Among other significant points, two in the article are particularly striking. Firstly, the authors note that Jews who speak out against Israel have themselves been subjected to venomous attacks by the Zionists, including “threats, social exclusion, intimidation, campaigns for sacking or attempts to discredit them.” That reality explodes the narrative of a monolithic Jewish community, united by Israel. It also completely refutes claims that the ardent Zionists are defenders of Judaism and all Jewish people.
Secondly, the authors note that the cynical misuse of the term antisemitism, to legitimise war crimes and to suppress opposition to them, risks undermining the fight against genuine anti-Jewish bigotry.
“The history and concept of antisemitism risks becoming confused and devalued amid a very real fight worldwide against genuine anti-Jewish racism and an increase in fascist activity. It will lead to real instances of antisemitism being dismissed,” they write.
That risk is evident from the fact that the would-be dictator Donald Trump is the presumptive Republican Party candidate in this year’s US presidential election. Figures such as Trump hail Israel, as an imperialist outpost and a fascistic ethno-state, while promoting classic antisemitic tropes, such as the need for a “national struggle” against “rootless globalists.”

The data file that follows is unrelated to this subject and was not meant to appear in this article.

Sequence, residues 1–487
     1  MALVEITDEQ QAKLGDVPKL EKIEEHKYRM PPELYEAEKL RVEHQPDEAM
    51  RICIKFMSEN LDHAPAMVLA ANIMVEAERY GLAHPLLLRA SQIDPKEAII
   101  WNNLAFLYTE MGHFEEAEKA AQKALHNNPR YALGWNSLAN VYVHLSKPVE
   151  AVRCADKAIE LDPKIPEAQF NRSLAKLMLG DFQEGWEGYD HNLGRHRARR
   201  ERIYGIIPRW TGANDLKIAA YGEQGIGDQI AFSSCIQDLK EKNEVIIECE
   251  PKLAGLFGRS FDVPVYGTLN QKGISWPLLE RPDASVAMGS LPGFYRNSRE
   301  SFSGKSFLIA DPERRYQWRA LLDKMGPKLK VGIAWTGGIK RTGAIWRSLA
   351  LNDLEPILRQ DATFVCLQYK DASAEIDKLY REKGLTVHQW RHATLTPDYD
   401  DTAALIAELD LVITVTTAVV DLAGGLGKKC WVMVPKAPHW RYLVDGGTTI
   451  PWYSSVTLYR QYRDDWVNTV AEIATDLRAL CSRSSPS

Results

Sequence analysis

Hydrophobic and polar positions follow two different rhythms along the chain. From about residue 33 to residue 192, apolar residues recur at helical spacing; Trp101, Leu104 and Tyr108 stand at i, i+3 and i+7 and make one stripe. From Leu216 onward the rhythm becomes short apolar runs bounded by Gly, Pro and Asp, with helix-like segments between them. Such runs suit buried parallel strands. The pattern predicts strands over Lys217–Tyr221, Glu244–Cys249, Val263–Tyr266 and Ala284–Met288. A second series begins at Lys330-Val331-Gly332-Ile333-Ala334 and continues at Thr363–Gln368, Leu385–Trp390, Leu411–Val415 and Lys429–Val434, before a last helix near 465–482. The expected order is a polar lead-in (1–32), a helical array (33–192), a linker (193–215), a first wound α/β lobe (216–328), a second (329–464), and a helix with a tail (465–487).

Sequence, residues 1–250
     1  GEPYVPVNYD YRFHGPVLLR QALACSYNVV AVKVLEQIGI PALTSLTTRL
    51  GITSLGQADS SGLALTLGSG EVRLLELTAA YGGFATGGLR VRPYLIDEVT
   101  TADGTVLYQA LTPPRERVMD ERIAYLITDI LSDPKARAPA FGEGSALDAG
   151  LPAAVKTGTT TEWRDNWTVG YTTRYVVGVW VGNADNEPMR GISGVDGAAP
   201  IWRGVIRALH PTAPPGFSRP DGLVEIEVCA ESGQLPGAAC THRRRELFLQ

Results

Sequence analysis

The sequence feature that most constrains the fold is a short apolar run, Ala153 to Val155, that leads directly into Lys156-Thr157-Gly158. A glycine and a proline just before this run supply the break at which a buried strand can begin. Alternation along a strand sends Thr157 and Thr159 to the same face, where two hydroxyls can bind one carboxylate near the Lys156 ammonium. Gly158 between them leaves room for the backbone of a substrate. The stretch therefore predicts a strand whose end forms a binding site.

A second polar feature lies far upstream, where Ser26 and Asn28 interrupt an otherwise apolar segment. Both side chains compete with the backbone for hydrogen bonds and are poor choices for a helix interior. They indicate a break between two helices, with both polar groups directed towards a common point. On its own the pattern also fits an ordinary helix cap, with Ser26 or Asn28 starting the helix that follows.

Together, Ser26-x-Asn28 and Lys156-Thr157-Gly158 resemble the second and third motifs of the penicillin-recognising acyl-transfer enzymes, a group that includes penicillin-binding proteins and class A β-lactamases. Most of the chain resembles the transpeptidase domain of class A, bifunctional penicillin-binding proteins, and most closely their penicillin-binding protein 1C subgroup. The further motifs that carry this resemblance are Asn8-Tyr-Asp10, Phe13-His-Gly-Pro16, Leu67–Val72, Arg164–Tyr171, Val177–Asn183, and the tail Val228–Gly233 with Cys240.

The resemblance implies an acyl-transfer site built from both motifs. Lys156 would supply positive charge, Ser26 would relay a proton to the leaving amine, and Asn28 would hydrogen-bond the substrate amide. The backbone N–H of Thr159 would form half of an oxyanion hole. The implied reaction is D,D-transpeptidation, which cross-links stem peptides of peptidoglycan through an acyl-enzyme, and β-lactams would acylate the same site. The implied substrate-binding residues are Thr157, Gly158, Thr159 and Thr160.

Schwartz announced the establishment of a new Jewish Council of Australia, founded because “our Jewish representative organisations fail to represent Jews who are critical of Israel and support a free Palestine.”
This has been shown in spades in the Lattouf case, when it was revealed that Robert Goot, vice-president of the Executive Council of Australian Jewry (ECAJ) was heavily involved in the conspiracy to have the journalist sacked, including by participating in the secret Lawyers for Israel WhatsApp group.
ECAJ claims to be the peak representative body of Australian Jews, and receives substantial government funding on that basis, even as its executives function as de facto agents of the criminal Israeli state.
This week, a December speech by ECAJ co-CEO Alex Ryvchin was highlighted by freelance reporter Alex McKinnon. It was delivered to a webinar organised by a foundation that funds Moriah College in Sydney and posted to the ECAJ website. After McKinnon reported on it, ECAJ took down the video yesterday.
The video revealed that the students of Moriah College, who range from kindergarten to Year 12, the final year of school, have been directed to write congratulatory letters to Israel Defence Forces (IDF) soldiers involved in the onslaught against Gaza. The International Court of Justice found last month that those IDF forces and the Israeli state as a whole have a plausible charge of genocide to answer.
Ryvchin’s remarks were identical to those that would be delivered by a representative of the Israeli government. He declared that the Hamas military operation on October 7 retroactively legitimised the illegal Israeli siege on Gaza, as well as the apartheid-like occupation of the West Bank, which is not governed by Hamas.